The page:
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I feel really dumb sometimes

  1. Sep 27, 2014 #1
    I feel like I'm really dumb occasionally. Mostly because I feel like I forget math related things to easily. I'm better than I use to be by good bit, but I still feel like I'm refreshing my memory more than I should be. Also, I still haven't gotten an intuition. Like for example there is this problem "there is a rope that is 140 feet long. It is cut up into 3 pieces. The longest piece is 5x the other two. How long is the longest piece?" I got 20 but I think it is wrong and it took me forever. I should be able to do this stuff instantly. I just don't feel smart. It's very annoying. I don't know what to do. I want to be better. I feel like I worker harder and care more but get less done. It makes me hate myself a bit really.

    What can I do to get better/smarter?

    Thanks.
     
  2. jcsd
  3. Sep 27, 2014 #2

    SteamKing

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    There's no magic pill you can take or medical procedure you can undergo to make you smarter. However, you can acquire more experience by working out many different kinds of problems, but this will take time and an untold amount of frustration on your part. Are you willing to risk this frustration in return for getting more experience in solving problems?
     
  4. Sep 28, 2014 #3
    yes. I'm already doing this...
     
  5. Sep 28, 2014 #4
    It sounds like Math is more stressful than fun for you. I would recommend that you avoid comparing your abilities to other people. Aside from that, use positive self-talk, make sure you aren't tired when you do Math, and convince yourself that it's fun.
     
  6. Sep 28, 2014 #5
    I know I shouldn't compare myself but that its sort of impossible. Everyone does it. It's biological I think.
     
  7. Sep 28, 2014 #6
    What was your problem with the rope question? It seemed obvious, even to rusty old me, to do simple algebra:

    x - longer length
    y - shorter lengths

    x = 5y
    x + 2y = 140

    Obviously 7y = 140
    y = 20
    x = 100

    So you mixed up the longest and the shortest piece.

    Are you expecting just to instantly see the answer? Maybe if you worked in a rope store, or did hundreds of similar problems, or made a lucky guess, you would. But that's not "being smarter", just getting used to rope cutting. And that will not help much for any non-rope problems. So the smart thing to do: LEARN HOW TO USE ALGEBRA EFFECTIVELY. Read through the algebra books in your local public library and you'll soon be a whiz at things like this.
     
  8. Sep 28, 2014 #7
    There are ways to get smarter in certain ways. What I think is most productive is to learn how to use what you've got.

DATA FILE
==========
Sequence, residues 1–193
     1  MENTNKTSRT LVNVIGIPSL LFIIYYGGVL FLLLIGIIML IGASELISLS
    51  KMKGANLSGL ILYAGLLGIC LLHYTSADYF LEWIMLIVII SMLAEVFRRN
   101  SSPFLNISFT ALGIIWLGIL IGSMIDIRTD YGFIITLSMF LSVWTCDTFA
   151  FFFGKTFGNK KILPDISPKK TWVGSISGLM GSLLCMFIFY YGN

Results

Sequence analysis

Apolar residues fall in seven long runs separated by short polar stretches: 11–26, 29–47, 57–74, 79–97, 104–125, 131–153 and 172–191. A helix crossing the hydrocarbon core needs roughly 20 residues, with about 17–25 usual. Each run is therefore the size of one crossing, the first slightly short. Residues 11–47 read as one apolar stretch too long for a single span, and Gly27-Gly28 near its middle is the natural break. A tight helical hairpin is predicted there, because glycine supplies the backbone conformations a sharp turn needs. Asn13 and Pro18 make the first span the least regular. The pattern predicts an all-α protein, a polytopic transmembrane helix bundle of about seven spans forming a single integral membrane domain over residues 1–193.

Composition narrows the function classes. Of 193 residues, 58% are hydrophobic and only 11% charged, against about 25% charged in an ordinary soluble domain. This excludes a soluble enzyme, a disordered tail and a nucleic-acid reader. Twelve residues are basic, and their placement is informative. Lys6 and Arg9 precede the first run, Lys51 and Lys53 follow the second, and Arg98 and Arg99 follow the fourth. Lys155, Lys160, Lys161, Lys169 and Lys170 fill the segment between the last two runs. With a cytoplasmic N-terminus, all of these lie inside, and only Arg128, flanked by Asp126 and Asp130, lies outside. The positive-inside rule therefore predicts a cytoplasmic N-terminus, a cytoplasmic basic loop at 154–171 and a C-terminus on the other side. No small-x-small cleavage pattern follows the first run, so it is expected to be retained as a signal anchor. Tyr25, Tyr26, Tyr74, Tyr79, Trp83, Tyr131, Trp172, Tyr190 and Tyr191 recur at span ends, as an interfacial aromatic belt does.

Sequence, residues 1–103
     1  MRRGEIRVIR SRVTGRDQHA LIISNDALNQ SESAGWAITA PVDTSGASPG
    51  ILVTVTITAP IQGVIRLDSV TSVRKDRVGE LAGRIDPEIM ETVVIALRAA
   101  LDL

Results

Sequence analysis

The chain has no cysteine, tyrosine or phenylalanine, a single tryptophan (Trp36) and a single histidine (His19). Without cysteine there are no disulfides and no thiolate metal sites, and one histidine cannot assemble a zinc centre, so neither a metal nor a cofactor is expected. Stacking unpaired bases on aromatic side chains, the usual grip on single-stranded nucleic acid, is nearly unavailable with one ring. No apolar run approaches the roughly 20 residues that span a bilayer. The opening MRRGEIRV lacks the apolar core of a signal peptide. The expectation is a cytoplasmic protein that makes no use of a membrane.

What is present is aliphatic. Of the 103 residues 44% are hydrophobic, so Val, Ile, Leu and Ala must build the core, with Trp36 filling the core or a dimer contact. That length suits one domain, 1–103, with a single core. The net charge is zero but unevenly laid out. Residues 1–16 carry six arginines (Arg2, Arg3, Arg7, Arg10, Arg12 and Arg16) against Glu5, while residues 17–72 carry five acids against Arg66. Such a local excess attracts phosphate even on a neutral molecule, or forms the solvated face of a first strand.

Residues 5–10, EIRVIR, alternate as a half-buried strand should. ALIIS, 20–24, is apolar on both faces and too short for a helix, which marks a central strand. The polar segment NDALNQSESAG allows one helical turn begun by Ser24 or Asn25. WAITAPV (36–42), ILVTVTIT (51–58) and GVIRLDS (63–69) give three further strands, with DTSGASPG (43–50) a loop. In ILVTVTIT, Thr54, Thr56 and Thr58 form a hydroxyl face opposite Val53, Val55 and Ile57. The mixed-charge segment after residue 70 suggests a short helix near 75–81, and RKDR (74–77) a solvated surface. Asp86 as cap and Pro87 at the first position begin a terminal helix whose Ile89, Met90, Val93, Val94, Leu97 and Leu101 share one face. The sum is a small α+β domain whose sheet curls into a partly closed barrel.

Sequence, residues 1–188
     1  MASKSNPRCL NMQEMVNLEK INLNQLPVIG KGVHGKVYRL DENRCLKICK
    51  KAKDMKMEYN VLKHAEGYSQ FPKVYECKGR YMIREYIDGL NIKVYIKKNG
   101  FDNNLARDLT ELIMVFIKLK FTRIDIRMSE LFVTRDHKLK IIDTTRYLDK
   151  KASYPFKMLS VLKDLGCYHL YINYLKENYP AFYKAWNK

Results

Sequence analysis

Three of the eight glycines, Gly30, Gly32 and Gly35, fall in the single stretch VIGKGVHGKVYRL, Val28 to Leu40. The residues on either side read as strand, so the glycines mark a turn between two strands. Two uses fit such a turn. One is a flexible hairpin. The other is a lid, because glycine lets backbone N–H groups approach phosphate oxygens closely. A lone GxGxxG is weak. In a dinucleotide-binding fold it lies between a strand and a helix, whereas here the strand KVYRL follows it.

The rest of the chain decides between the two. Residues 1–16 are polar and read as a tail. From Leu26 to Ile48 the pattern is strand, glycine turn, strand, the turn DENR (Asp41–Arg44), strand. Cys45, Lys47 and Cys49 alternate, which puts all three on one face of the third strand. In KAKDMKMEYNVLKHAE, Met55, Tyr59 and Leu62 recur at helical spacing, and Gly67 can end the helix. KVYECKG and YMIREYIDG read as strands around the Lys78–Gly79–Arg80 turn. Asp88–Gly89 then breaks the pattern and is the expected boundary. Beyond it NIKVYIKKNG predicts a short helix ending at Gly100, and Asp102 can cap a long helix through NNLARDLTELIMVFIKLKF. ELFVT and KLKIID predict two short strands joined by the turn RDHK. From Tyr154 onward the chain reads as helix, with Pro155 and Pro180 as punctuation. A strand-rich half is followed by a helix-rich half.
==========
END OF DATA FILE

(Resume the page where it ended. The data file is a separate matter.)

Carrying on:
Here are a few ways to try to improve your brain directly, rather than just learning how to use it. I tend to be a bit skeptical of brain-training type approaches because you have to be aware of the surprising specificity that comes in the improvements associated with practicing most tasks. But with that disclaimer out of the way, here are a few interesting things to consider.

    Exercise is one of the most important things you can do for your brain.

    Here's an article about reasoning training:

    http://blogs.scientificamerican.com...ctivity-associated-with-high-level-cognition/

    Which makes me wonder how studying for the LSAT compares to doing math problems. The brain-connectivity is interesting, but I still wonder about skill transfer to other tasks. Still, it's good to be able to think logically, and there's a reason law schools want you to study for that exam.

    It's also worth looking into meditation.

    http://www.sciencedaily.com/releases/2010/04/100414184220.htm

    So, those are the main ways to improve what you've got that are backed up by scientific studies.

    I mentioned the benefits of practice tend to be very specific. That doesn't mean it can't be very powerful:


    I downloaded a program that helps you to practice this mental abacus stuff, starting with mental addition. You could question the value of this when you can just use a calculator, versus a lot of training. But a calculator isn't as cool and impressive. Plus, part of my point here is that specific skills can be valuable, and if you have a narrow target skill, typically, all you need to do to become awesome at it is is lots and lots of practice! Some of these skills may allow you to build other more useful skills on top of them.

    There are some other things that can help, like making sure you are not under prolonged, excessive stress in your life. The other thing is to figure out how to use what you have. To that end, you need to learn how to implant things in your long term memory. I will single out the most important things to keep in mind here.

    1) Practice remembering, without looking at what you are trying to remember. When you read a paragraph, you can stop reading, step away from the book and try to summarize what you just read without looking.

    2) Spaced repetition. Repeat 1) after 1 minute, 1 hour, 1 day, 1 week, 1 month, 1 year...don't take this too literally--experiment to see what works. Some tasks may need daily attention to improve performance, with less of the spacing.

    http://en.wikipedia.org/wiki/Spacing_effect

    3) Try to make things memorable. Visualize them if possible. The emotional aspects of learning are important. Don't see everything as just piles and piles of dry facts.